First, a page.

Facit

Facit calculators work on a similar principle to the more conventional Odhner type pinwheel calculators, but their external appearance and user interface is strikingly different.

Rather than having an external moving carriage in conjunction with a fixed rotor, Facit machines reverse this arrangement and the carriage is fixed but the rotor moves.  Numbers are entered into the pinwheels with numbered keys rather than by directly setting the pinwheels by hand.

It is also noted that Facit machines are fully enclosed, and are thus less likely to be full of dust and cobwebs.

Facit machines seem to be less common than Odhners on eBay.  But Serial Number evidence points to many more Facit machines being made. The obvious conclusion is that Facit machines are more fragile or less easy to repair than Odhners, so fewer machines have survived.  It may also be true that eBay frequency isn’t much of a guide. This leads to an interesting question, that is, what is the survival rate for mechanical calculators? Is it as much as one per-cent of those manufactured? Or is it much less?

Facit Model TK

Facit Model TK

Serial No.

Date: 1949

Capacity: 9x8x13

Price Paid (including postage): £30

This entry will be updated soon.

Facit Model NTK

Facit NTK Mechanical Pinwheel Calculator

Serial No. 472198

Date: 1955

Capacity: 9x8x13

Price paid (including postage): £107.50

The Model NTK was in production between 1954 and 1957.  It replaced the Model TK, and was succeeded by the Model C 1-13, which were functionally (and probably mechanically) identical.  This particular machine is in nearly mint condition, and came with a carrying case and two instruction manuals.  This is the most expensive machine I’ve ever bought – it cost me £100 plus £7.50 postage.  Instructions for operating this machine can be found on the User Guides page here.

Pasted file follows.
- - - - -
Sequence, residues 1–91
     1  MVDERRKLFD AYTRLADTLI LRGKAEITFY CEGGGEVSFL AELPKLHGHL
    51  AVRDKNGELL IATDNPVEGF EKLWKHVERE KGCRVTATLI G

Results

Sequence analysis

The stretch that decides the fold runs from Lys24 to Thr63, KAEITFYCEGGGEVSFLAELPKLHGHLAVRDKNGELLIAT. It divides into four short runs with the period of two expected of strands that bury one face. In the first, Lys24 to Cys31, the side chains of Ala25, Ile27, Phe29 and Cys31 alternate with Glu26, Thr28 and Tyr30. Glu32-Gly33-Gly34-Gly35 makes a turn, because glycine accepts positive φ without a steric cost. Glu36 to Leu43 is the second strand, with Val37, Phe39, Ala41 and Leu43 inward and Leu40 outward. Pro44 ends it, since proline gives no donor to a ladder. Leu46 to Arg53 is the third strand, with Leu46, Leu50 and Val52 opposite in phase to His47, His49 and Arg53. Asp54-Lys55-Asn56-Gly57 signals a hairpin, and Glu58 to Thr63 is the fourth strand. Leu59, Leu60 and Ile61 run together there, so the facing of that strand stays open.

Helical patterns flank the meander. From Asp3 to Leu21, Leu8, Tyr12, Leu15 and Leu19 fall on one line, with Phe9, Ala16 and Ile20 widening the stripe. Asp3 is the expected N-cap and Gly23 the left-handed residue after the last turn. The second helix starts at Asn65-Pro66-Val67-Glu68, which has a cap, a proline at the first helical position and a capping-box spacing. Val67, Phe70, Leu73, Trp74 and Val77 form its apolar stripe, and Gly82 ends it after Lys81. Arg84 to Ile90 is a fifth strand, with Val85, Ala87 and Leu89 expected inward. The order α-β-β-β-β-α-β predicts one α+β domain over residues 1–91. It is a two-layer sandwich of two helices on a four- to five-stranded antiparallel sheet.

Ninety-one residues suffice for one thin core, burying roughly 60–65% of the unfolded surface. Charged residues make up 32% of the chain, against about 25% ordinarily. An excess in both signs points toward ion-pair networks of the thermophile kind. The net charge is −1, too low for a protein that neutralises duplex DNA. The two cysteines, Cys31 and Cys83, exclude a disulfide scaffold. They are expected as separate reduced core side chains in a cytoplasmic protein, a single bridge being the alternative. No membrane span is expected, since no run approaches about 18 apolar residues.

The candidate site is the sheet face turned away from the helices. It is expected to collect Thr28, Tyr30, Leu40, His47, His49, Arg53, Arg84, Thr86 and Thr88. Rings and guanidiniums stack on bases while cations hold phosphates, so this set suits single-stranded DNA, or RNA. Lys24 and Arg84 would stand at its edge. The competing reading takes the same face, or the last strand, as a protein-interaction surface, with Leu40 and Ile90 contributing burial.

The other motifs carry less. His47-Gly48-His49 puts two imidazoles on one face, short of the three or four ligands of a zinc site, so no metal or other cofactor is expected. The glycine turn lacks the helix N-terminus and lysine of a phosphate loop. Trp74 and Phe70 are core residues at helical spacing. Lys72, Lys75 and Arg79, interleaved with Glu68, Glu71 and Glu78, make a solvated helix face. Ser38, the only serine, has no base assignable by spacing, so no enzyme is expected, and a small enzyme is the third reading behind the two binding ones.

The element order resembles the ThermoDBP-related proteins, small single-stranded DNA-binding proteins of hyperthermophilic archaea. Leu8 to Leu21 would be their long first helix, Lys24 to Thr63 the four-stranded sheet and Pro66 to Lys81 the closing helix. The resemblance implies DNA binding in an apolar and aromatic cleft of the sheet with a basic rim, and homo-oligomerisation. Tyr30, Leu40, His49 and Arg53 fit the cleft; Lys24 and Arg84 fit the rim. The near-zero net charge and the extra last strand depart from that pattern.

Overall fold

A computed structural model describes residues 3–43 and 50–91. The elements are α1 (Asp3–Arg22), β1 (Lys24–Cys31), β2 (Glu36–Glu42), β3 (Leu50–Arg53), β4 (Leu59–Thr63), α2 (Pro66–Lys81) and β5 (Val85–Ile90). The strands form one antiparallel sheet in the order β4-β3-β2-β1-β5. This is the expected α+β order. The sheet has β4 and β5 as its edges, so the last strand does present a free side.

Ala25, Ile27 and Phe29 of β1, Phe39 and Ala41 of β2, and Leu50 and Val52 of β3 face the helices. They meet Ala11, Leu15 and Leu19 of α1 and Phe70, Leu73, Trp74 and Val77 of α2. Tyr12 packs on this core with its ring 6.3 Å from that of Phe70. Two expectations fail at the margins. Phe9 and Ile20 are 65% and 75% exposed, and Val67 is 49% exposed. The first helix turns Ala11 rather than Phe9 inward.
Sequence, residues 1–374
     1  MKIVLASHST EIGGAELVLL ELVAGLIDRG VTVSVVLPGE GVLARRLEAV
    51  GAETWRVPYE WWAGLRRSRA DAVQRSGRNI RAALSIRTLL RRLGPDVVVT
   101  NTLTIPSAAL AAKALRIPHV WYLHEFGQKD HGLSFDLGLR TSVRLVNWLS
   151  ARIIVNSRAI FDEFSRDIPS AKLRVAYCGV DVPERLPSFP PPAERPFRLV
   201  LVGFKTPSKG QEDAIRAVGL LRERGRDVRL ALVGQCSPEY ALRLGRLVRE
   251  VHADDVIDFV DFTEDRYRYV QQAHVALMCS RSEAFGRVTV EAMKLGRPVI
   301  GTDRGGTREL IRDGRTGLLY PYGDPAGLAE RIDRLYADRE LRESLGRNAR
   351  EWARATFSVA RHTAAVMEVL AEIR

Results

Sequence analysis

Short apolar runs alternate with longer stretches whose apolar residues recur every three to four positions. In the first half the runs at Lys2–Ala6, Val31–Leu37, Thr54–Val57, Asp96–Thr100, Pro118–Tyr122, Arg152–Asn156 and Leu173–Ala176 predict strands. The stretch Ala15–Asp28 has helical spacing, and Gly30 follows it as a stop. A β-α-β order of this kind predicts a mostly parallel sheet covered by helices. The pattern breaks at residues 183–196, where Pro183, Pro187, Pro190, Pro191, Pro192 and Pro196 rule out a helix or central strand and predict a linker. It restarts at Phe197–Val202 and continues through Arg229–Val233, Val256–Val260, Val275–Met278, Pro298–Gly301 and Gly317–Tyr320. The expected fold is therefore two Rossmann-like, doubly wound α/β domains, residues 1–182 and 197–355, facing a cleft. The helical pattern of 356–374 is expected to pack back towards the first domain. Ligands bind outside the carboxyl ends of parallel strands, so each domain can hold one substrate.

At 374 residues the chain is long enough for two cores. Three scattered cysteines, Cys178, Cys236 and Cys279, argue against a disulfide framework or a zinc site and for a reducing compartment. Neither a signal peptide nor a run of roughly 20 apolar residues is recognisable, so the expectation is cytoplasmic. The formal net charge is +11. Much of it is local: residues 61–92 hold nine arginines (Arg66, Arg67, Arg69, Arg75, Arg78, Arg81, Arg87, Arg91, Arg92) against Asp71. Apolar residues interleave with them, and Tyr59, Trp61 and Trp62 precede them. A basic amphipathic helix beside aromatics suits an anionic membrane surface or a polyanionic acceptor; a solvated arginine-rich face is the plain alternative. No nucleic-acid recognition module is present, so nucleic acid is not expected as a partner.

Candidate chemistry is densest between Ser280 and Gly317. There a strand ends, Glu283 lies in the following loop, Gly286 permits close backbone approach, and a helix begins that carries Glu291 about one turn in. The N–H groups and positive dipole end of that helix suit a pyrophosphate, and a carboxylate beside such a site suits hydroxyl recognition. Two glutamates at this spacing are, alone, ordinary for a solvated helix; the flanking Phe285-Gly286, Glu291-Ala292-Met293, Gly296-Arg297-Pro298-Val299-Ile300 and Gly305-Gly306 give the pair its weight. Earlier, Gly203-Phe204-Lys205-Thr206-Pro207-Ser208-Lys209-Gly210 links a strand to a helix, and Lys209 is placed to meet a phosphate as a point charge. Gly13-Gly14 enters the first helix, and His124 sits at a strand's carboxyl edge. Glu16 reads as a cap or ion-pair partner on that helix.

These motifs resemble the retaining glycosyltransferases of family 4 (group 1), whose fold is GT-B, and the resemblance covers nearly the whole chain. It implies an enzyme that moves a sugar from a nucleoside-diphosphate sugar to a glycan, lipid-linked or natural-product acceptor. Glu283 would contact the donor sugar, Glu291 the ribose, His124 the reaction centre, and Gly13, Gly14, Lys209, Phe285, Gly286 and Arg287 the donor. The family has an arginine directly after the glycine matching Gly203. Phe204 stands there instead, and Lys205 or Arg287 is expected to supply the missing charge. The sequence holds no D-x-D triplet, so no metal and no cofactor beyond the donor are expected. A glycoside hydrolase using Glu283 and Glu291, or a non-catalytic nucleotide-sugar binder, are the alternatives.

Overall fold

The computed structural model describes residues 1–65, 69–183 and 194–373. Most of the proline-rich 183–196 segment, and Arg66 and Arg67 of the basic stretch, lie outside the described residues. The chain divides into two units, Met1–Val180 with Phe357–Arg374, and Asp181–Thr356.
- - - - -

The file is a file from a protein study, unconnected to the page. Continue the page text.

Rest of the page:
Facit Model NLx

Facit NLX Mechanical Pinwheel Calculator

Serial No. 501960

Date: 1956

Capacity: 10x10x19

Price paid: £0.99

This model NLx was produced between 1954 and 1956, and only 2360 were made. It has an extended capacity compared with the Model NTK, and features a moving carriage. The revolution counter and result register are cleared by pulling the levers at the ends of the carriage one-quarter of a turn towards the operator..

In contrast with the Model NTK, this is the least expensive calculator in the collection.  I paid £0.99 for it on eBay.  It was a bit grimy and very stiff to operate when I bought it, but it cleaned up beautifully, and operates very smoothly (though not quite as smoothly as the Model NTK.)

Facit Model NEA

Facit NEA Electric Mechanical Pinwheel Calculator

Serial No. 408291

Date: 1956

Capacity: 9x8x13

Price paid (including postage): £43.45

The Model NEA, produced between 1943 and 1956, is essentially a motorised Model NTK.  This particular machine was one of the last to be made before the model was superseded by the Model CS 1-13.